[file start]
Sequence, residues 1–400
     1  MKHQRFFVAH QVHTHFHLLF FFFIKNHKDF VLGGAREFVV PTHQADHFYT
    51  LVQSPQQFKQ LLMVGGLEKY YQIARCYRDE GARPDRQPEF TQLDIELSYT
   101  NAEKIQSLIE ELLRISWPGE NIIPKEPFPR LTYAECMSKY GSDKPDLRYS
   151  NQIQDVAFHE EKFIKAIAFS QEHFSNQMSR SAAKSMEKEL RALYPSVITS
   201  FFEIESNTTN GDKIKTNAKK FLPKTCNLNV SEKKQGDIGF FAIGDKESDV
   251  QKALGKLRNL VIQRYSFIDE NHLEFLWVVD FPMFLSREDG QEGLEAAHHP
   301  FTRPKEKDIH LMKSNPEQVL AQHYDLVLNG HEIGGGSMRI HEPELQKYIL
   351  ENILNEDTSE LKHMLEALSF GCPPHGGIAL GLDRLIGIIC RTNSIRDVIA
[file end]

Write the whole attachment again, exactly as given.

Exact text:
Sequence, residues 1–400
     1  MKHQRFFVAH QVHTHFHLLF FFFIKNHKDF VLGGAREFVV PTHQADHFYT
    51  LVQSPQQFKQ LLMVGGLEKY YQIARCYRDE GARPDRQPEF TQLDIELSYT
   101  NAEKIQSLIE ELLRISWPGE NIIPKEPFPR LTYAECMSKY GSDKPDLRYS
   151  NQIQDVAFHE EKFIKAIAFS QEHFSNQMSR SAAKSMEKEL RALYPSVITS
   201  FFEIESNTTN GDKIKTNAKK FLPKTCNLNV SEKKQGDIGF FAIGDKESDV
   251  QKALGKLRNL VIQRYSFIDE NHLEFLWVVD FPMFLSREDG QEGLEAAHHP
   301  FTRPKEKDIH LMKSNPEQVL AQHYDLVLNG HEIGGGSMRI HEPELQKYIL
   351  ENILNEDTSE LKHMLEALSF GCPPHGGIAL GLDRLIGIIC RTNSIRDVIA